While I was 'up' at St Andrews, I read a book on how to create a critical edition of a mediaeval text. I don't remember the names of the authors, and it was painfully out of date; it assumed typewriters, and might even have talked about specialised IBM Selectric balls. The one thing the authors hammered on incessantly was that one should never re-type the transcript of the text. Ever. Under any circumstances. Use correction fluid. Use a razor blade to excise an error. Tape a patch over the hole if necessary.

Yes, they actually advocated cutting holes in your transcript over retyping. Why? Because recopying is how scribal errors creep in. If the goal is to establish a critical edition of the text, adding new scribal errors is not what you want to do. As I read the book, I remember thinking 'Thank God I have WordPerfect on my laptop.' Whatever errors I committed in transcription were less likely to be compounded with correction fluid, razor blades, and black ballpoint pens (not to mention the horror of producing four identical copies at time of submission).

I did, despite my best efforts, commit some errors. Most were caught, either on my subsequent passes or by my supervisor, but one slipped through to my examiners, who very gently pointed out that German city wasn't 'Renchbrig' but 'Reuchbrig'. A classic minim blunder. The context should have made the correct reading clear enough, but I missed it anyway. I smacked my forehead with my palm, corrected the text, and also added a gloss ('Regensburg') before I took clean copies to the bindery. No one's sense of permanence was offended by that -- in fact the internal examiner was pleased by the new gloss when I walked him through the revisions I made after the viva.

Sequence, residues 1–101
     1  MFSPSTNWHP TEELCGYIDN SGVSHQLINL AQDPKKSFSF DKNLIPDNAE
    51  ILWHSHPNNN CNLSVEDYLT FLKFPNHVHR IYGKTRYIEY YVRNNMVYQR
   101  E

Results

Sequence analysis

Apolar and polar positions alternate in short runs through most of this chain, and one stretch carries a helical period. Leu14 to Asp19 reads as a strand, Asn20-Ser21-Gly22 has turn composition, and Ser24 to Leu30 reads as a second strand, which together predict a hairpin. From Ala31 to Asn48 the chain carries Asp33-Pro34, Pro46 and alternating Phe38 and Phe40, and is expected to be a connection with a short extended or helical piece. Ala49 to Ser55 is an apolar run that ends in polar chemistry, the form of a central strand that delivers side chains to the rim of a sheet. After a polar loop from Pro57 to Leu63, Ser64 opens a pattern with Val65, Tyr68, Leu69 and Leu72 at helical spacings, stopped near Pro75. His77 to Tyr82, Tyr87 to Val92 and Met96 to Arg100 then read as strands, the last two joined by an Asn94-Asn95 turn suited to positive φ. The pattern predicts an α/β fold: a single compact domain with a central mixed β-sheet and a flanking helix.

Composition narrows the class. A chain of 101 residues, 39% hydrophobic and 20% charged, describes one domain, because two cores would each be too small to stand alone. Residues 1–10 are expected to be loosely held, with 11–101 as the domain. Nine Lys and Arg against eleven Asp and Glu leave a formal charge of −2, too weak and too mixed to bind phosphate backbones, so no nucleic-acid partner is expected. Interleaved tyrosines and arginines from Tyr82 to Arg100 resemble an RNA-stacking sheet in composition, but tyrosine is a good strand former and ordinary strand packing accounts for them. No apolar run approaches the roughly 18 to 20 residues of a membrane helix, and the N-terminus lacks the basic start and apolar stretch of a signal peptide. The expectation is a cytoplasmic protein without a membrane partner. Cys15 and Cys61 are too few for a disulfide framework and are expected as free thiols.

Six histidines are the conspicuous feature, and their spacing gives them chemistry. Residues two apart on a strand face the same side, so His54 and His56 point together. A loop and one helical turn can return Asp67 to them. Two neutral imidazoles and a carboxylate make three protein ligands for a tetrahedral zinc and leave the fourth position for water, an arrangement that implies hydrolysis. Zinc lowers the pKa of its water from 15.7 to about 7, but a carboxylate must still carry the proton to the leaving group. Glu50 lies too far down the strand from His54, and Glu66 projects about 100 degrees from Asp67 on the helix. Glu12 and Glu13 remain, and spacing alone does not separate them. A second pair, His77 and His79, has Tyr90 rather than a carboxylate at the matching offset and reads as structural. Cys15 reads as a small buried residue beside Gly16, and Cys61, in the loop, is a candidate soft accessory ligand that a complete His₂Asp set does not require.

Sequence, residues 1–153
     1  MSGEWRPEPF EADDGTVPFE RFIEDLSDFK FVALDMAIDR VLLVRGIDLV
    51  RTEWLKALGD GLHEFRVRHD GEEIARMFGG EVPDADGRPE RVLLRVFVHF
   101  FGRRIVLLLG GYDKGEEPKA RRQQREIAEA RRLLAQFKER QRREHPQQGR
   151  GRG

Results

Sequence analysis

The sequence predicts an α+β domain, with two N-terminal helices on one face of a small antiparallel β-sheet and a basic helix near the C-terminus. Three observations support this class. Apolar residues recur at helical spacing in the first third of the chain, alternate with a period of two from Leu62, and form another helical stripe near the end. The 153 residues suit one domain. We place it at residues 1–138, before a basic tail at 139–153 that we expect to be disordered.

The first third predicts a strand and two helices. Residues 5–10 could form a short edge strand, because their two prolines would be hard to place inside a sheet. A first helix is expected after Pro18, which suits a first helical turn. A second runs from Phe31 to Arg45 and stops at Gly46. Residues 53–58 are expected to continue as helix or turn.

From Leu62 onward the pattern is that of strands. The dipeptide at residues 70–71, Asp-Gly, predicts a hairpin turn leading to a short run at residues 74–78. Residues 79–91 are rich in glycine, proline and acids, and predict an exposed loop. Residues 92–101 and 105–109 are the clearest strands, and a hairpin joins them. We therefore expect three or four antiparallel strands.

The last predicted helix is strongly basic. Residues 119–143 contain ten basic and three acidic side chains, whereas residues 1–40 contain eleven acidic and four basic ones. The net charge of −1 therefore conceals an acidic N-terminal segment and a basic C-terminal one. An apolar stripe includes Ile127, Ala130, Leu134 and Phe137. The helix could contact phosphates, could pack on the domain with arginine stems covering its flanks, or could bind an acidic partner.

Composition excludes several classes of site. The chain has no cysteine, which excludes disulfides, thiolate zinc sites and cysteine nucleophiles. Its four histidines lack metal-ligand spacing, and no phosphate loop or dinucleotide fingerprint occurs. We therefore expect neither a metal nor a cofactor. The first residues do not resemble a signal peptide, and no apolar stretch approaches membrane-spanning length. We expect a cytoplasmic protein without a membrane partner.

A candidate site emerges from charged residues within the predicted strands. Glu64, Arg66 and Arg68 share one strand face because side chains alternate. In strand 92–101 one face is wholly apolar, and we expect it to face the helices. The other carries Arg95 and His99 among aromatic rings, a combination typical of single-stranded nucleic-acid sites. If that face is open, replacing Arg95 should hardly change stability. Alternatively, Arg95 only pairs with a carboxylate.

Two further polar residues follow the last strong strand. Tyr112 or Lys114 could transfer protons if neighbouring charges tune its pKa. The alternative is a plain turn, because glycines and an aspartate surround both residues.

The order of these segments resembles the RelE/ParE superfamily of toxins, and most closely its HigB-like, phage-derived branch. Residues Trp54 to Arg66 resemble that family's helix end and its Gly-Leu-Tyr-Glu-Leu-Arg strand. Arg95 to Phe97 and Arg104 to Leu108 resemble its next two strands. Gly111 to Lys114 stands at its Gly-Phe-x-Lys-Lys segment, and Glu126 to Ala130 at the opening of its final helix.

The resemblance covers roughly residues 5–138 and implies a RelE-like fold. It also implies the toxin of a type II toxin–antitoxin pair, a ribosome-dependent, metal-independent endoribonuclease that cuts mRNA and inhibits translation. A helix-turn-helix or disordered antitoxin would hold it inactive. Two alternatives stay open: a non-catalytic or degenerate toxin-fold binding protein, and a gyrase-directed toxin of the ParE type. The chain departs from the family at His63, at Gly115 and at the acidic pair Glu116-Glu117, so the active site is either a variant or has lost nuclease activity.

I am not suggesting that editors shouldn't strive for editions that are as close as possible to what the author actually wrote; I don't support carelessness or illicit monkeying around with texts, be they your own or someone else's. But the history of literature says nothing quite so clearly as 'Oops.' The possibility of an authoritative text is more theoretical than actual, even in the modern era. Under the circumstances, the idea of a 'permanent' text actually seems undesirable. If the printed word is permanent, how is a writer to defend herself against the malevolent ghost of Adam the scriveyn?

Geoffrey Chaucer

5 comments:

  1. Nothing is permanent,and if Franzen doesn't know that he's an idiot.

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  2. Yeah, it seems a little odd for a 50ish man to be unaware of the fact that permanence isn't possible, but I didn't make those quotes up.

    I should probably point out that the text displayed on my phone in the picture is from the 10th anniversary edition of Neil Gaiman's American Gods, which is (shocker!) not exactly the same text that was originally published. It incorporates some revisions and edits made after the original publication. Sort of like director's cut. So far no one's sense of the stability of the universe seems to have wobbled too badly.

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  3. I agree. If Franzen is so scared of losing control of his text, he should stick it in a drawer as soon as it's finished. Years back I wrote my dissertation on what happens to a book between the author putting the final full stop and the reader opening the first page that influences the reader's interpretation of the text. E-books seem to me to be the latest variation of those influences, not something new,as you say.

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  4. I kind of wish people -- Franzen and herds of others -- would just be happy to say: "You know what -- I just like books. No e-readers for me." Sure, there are concerns for me with e-readers(mostly in terms of having my reading profiled and other spooky 1984 stuff) but, as you point out very well, it is certainly not a threat to the written word's sanctity. Books are just plain cool, let's face it. I think people like Franzen work hard to justify their preferences with some sort of analytical reasons for them. Me? -- I just like to hold books.

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  5. Oh, I agree. If you like books, by all means, buy books. I like having the choice. And honestly, if I were trying to sell my writing on the open market, I'd be as happy to take the money of people with e-readers as the money of people who want a physical volume.

    I'm wondering if, at the time the codex supplanted the scroll, some poet or playwright staged a protest over this shocking new format that was going to destroy civilisation as it was known. If he did, we can see how successful that was.

    ReplyDelete